The Social Designer
Earlier this month I wrote an article about self promotion online as a designer (read Speak to Me over at xheight). I summed it up to this sentiment:
Self promotion is not about pushing an ego onto others, it’s simply about making yourself visible and accessible.
One thing I realised quickly in my career is the importance of having a consistent public profile. There’s no point running a Tumblr blog if no one associates it with you. When Google+ launched a few weeks ago I registered my usual black & white headshot and made sure to link my profile across the web—from Twitter to dbushell.com—BOOM! An extension to my online persona.
But a Google profile is more than your normal web presence:
What you’re seeing in the first search result is the Google Authorship program in action. Because my blog links to my Google+ profile reciprocally, Google knows I’m the author of that page and shows my mugshot. With the right development I can link to my profile on every website I publish content for. See Graham Smith’s guide to Google Authorship for a designer-friendly introduction.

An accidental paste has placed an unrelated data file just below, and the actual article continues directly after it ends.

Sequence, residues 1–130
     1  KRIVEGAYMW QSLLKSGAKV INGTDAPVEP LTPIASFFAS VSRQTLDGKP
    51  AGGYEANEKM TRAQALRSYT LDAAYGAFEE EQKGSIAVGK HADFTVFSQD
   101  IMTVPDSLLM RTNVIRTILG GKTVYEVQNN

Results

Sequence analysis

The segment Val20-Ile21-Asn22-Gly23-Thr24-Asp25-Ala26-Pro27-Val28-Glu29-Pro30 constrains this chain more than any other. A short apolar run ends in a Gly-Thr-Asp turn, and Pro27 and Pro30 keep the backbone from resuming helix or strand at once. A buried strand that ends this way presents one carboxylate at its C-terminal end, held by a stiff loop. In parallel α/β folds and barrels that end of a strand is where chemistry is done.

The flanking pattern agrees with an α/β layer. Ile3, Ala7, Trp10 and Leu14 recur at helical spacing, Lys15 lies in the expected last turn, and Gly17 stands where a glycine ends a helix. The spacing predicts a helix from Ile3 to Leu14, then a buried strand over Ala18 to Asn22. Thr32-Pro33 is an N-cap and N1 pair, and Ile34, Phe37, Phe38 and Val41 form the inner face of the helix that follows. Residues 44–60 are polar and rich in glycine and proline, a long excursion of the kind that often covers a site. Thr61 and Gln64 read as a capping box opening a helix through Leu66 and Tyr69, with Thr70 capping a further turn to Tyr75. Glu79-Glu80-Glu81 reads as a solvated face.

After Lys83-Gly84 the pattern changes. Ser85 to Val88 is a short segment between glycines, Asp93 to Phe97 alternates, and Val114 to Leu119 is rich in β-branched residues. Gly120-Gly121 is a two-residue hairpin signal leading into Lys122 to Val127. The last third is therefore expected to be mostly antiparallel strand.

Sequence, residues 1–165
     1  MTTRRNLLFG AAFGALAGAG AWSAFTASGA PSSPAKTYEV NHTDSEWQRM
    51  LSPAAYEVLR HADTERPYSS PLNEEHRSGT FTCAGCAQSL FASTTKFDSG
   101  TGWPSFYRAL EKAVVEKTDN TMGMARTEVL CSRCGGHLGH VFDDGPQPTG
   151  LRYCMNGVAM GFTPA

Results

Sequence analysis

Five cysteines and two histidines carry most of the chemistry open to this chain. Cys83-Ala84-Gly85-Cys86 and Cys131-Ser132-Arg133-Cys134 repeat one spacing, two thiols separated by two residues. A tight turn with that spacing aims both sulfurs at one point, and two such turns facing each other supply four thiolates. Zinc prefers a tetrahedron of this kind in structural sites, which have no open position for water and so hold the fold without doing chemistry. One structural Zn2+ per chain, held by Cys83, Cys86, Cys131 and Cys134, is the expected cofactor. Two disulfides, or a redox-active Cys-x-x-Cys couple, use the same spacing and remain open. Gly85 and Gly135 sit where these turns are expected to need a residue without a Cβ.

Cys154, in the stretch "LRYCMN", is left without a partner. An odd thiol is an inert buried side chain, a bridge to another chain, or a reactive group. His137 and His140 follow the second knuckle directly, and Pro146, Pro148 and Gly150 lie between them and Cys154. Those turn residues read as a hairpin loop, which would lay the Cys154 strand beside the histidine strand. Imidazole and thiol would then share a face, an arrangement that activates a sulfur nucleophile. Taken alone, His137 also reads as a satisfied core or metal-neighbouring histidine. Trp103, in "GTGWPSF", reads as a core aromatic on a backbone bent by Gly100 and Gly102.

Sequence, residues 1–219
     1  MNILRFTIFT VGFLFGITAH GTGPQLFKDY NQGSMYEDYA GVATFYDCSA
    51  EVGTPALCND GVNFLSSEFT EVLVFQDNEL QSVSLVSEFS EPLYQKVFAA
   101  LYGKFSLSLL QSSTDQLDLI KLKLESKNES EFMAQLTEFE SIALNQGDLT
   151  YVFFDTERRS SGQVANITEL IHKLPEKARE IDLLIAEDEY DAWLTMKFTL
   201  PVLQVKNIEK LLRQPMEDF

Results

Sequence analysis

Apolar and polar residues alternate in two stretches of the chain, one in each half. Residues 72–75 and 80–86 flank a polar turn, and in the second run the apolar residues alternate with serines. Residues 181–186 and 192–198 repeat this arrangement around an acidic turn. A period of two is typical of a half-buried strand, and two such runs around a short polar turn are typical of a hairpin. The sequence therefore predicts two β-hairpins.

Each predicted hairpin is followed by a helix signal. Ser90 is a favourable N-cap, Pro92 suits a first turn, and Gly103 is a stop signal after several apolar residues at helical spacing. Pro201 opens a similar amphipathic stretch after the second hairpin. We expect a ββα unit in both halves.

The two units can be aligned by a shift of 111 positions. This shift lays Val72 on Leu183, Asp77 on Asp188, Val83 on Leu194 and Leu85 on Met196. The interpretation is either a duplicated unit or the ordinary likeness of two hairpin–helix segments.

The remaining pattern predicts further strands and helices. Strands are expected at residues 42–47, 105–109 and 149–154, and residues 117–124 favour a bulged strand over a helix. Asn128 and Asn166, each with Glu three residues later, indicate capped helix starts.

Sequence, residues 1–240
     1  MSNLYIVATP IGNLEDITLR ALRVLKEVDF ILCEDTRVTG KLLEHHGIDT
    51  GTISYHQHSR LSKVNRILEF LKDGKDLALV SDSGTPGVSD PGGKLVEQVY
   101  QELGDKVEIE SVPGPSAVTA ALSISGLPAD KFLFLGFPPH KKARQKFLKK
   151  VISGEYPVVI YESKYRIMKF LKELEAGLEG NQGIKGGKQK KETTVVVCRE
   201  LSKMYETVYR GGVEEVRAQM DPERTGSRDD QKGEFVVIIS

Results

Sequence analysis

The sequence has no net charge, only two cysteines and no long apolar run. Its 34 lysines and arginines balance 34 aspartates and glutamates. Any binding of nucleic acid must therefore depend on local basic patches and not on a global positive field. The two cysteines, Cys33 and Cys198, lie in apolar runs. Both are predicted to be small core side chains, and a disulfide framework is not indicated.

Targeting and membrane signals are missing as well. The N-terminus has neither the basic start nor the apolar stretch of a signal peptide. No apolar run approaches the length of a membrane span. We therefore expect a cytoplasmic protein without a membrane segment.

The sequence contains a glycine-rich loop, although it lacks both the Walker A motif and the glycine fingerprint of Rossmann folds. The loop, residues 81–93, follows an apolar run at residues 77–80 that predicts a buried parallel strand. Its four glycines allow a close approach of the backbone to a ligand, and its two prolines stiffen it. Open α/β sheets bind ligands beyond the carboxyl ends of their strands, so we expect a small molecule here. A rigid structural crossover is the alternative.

The second search result promotes a link I’ve shared as a +1 recommendation. (It happens to be my other blog linking to the same article, but that’s not the point!).
Open to the Public
No hiding now! Promoting yourself online is a big commitment. With such a strong public profile it’s a dangerous game. There’s a level of professional integrity that can be easily damaged with poorly written criticism (or a drunken tweet).
In reality though, the “privacy” of the past has always been an illusion. Whatever information I make public is just that; public. It doesn’t matter whether I whisper it in a friends ear or publish it online—it’s out there. For that reason I think this heightened level of online promotion will be a good thing. I’ll be far more conscious of what I make public and will wield a lot more power for self promotion.
For those working in the web industry, is it possible to stay behind the curtain?